OASIS Mailing List ArchivesView the OASIS mailing list archive below
or browse/search using MarkMail.


Help: OASIS Mailing Lists Help | MarkMail Help

[Date Prev] | [Thread Prev] | [Thread Next] | [Date Next] -- [Date Index] | [Thread Index]
Re: [xml-dev] Wikipedia on XML

On Tue, 25 Aug 2009 22:35:01 +0200, Michael Ludwig wrote:
> Browsers do not need to download anything they already have in
> a local cache. They could add the important DTDs here:
> C:\temp :: dir "C:\Programme\Mozilla Firefox\res\dtd" /s /b
> C:\Programme\Mozilla Firefox\res\dtd\mathml.dtd
> C:\Programme\Mozilla Firefox\res\dtd\xhtml11.dtd
> People just need to agree on what's important.

This seems to be an attitude common for the HTML-centered (is it 
appropriate to describe you so?); it seems to be the attitude of the 
WhatWG folks as well, so far as I'm understanding those bits that 
they've contributed to the namespaces discussion here, and that I've 
stumbled across otherwise.

It's an odd attitude, to my mind.  MathML, SVG, [pick-your-favorite] 
wouldn't exist unless the distributed authority mechanism (however 
clumsy, verbose, and annoying it is) of XML namespaces had not been 
available.  They relied on independent groups being able to build 
momentum, first in a niche, and then more widely, at which point the 
browser vendors acknowledged the justice of including them.

Even though this is the path travelled by all of the things that the 
HTML 5 folks are now including (well, apart from video: maybe instead 
of trying to work it out in committee, a distributed mechanism would 
lead to a solution there as well?), the working group seems to regard 
the idea of distributed authority antipathetically (or even to be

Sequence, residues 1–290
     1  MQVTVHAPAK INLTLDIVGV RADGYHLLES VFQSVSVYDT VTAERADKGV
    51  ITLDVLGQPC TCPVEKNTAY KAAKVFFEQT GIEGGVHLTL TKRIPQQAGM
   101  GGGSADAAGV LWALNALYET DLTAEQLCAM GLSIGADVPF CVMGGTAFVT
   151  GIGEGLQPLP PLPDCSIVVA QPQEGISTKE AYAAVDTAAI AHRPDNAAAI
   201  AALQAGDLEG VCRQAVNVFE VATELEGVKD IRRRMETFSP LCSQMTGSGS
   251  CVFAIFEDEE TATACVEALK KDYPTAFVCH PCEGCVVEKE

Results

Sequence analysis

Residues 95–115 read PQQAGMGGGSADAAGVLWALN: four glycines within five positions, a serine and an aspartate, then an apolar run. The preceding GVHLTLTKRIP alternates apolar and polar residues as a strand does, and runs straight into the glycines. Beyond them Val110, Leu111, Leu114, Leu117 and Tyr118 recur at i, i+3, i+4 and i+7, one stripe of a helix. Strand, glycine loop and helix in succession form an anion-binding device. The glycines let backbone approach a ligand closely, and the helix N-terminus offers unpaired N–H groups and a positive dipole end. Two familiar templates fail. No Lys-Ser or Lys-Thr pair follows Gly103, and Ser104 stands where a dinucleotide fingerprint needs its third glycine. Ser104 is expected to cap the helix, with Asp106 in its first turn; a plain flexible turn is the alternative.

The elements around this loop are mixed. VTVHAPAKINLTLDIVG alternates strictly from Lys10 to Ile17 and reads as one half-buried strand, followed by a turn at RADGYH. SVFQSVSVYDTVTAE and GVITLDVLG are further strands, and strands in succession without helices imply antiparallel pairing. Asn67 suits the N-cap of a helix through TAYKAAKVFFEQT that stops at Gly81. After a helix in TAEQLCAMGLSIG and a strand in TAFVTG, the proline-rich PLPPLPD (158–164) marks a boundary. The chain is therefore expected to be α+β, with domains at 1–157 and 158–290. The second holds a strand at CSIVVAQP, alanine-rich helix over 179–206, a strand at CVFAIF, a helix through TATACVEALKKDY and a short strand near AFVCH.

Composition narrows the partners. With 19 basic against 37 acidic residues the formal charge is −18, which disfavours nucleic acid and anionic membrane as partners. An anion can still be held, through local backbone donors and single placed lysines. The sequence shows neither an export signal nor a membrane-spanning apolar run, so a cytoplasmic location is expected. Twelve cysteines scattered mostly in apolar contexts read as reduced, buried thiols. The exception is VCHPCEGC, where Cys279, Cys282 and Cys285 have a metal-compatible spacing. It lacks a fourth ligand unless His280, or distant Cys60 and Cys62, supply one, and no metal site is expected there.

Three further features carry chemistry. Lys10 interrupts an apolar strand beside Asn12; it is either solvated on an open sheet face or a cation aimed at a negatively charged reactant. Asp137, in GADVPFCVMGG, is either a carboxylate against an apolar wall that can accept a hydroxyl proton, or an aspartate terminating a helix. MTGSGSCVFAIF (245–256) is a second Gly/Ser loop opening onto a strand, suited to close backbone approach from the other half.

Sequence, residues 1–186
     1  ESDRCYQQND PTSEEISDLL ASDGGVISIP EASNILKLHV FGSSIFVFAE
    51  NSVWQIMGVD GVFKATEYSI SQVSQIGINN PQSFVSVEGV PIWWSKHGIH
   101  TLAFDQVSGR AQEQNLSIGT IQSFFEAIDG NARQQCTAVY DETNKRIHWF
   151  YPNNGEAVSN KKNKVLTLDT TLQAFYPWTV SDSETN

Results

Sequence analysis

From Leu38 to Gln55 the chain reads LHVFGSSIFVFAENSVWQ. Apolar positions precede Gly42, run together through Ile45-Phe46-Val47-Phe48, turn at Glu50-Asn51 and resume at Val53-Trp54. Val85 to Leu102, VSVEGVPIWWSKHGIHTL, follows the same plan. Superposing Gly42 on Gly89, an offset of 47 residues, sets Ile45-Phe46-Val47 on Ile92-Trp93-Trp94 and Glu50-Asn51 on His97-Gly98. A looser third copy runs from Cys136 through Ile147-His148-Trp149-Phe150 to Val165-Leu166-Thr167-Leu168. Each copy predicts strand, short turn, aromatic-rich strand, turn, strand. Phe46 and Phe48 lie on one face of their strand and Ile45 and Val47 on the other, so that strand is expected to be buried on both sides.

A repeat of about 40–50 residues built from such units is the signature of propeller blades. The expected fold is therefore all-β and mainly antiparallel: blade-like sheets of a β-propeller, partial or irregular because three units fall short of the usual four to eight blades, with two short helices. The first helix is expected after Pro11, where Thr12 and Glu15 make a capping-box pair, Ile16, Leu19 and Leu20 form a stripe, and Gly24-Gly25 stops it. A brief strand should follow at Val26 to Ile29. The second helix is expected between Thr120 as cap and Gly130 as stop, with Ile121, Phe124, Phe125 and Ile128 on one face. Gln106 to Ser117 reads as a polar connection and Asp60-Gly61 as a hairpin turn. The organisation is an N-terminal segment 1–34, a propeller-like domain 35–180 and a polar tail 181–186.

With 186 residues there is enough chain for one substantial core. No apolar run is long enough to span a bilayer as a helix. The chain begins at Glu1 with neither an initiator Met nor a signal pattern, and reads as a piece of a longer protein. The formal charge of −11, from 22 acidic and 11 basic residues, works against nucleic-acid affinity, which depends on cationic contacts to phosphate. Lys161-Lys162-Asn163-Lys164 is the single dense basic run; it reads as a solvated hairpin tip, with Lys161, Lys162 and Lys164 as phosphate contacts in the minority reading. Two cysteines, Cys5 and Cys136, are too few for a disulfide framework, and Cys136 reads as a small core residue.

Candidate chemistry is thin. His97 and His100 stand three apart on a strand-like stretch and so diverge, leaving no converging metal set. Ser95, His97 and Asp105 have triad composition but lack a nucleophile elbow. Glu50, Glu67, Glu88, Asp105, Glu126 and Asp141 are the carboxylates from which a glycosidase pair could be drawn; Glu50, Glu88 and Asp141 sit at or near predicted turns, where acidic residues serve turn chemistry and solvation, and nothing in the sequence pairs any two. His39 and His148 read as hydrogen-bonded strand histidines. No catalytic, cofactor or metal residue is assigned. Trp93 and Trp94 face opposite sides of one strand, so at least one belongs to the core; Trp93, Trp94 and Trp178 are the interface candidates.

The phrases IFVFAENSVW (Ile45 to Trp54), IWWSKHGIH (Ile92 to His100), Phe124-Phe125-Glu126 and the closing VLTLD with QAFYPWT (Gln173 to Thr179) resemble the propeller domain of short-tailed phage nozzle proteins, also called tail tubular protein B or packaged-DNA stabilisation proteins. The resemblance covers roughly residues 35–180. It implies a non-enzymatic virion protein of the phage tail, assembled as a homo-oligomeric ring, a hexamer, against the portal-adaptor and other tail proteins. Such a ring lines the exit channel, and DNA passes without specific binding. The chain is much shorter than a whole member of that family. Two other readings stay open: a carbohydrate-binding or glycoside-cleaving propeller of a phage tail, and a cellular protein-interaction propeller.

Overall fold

forthrightly hostile to the idea).  That suggests that the interesting 
new technologies will grow up outside the browser, to be brought in to 
HTML 6, or HTML 7 ... meanwhile, XML 1 + namespaces will continue to 
resist a full-scale revision to XML 2 (or even 1.1, q.v.) ... because 
the distributed authority mechanism does *enough* to encourage 
innovation, and to allow flexibility ... even in the HTML space, via 
XHTML.  Is this driven by a desire to "control" something--innovation, 
flexibility, applications?

(Mind you, I'm not suggesting that XML is free of "we must control" 
attitudes; see, for instance, W3C XML Schema, in which the collection 
of primitive types are all you get, unless you can convince the Schema 
WG to add *your* favorite unrelated primitive datatype to the 

(with apologies to Michael Ludwig; the thought's been percolating, and 
his comment simply triggered this note in response)

[Date Prev] | [Thread Prev] | [Thread Next] | [Date Next] -- [Date Index] | [Thread Index]

News | XML in Industry | Calendar | XML Registry
Marketplace | Resources | MyXML.org | Sponsors | Privacy Statement

Copyright 1993-2007 XML.org. This site is hosted by OASIS